Inculturation and the Guadalupana

Henry Shea SJ


In his recent Apostolic Exhortation Evangelii Gaudium, Pope Francis emphasizes “the importance of understanding evangelization as inculturation.  Grace supposes culture,” he writes, “and God’s gift becomes flesh in the culture of those who receive it” (EG 115).  Expressing themes that have recurred throughout his life and ministry, Francis proceeds to lauds the role of popular piety in the life of a people, maintaining that its accessible, incarnate features exemplify the embodiment of an evangelical faith in culture.  Echoing Aparecida, Francis describes popular piety as a “spirituality incarnated in the culture of the lowly” and “the people’s mysticism” (EG 124).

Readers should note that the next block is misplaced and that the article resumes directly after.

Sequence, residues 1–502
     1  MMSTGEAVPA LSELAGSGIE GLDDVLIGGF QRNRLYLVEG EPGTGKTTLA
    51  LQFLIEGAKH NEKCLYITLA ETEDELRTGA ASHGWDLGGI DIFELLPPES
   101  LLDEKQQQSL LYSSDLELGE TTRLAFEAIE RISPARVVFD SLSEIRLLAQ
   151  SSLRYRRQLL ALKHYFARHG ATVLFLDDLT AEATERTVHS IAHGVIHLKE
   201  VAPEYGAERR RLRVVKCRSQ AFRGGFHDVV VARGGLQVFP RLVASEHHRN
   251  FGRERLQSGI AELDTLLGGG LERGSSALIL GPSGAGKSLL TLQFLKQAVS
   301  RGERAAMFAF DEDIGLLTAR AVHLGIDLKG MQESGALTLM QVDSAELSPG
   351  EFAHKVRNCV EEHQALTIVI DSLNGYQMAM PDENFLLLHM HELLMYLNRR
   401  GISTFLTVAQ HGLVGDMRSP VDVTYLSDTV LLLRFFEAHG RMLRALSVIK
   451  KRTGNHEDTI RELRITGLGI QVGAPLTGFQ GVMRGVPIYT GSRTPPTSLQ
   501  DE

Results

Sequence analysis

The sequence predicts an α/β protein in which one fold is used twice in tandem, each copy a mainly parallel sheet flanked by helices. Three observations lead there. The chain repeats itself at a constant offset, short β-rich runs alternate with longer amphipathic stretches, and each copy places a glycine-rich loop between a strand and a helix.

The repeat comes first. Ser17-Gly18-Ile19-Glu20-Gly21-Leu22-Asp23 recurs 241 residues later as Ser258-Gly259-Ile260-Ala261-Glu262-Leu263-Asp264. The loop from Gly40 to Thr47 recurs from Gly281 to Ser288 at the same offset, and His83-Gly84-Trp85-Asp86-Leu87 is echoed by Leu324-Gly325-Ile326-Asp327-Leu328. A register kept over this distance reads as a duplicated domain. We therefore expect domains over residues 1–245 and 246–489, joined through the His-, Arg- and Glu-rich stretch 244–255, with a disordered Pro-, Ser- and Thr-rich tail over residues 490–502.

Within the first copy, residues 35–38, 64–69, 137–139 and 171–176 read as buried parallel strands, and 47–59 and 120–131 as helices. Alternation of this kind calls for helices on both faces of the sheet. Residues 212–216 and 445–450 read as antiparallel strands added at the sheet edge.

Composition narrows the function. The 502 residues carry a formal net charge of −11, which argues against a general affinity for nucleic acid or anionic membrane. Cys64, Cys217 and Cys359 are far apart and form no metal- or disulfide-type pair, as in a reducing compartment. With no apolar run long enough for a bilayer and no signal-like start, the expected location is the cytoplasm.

It would be difficult to find a more significant example of the convergence of these themes than the celebrated image of Our Lady of Guadalupe, to which Francis himself expresses devotion.  What is it about this symbol that has captivated the hearts of so many?  Using Francis’ words in Evangelii Gaudium as a point of departure, this paper analyzes the Guadalupan image and event as a potential model for inculturation.  It focuses upon three key features of the image from which can be gleaned broader principles for inculturation, namely: (1) its interlacing of cultural and revelational symbols in such a way that the cultural symbols are affirmed as well as transformed, (2) the use of inculturated symbol as a way of maximizing what Rahner refers to as “the overplus of meaning” communicated through “primordial” words and symbols that evoke deeper, transcendental aspects of human experience, and (3) finally the use of inculturated symbol to mediate interpersonal faith-encounters that can be  shared through the renewed culture and the bonds of community.

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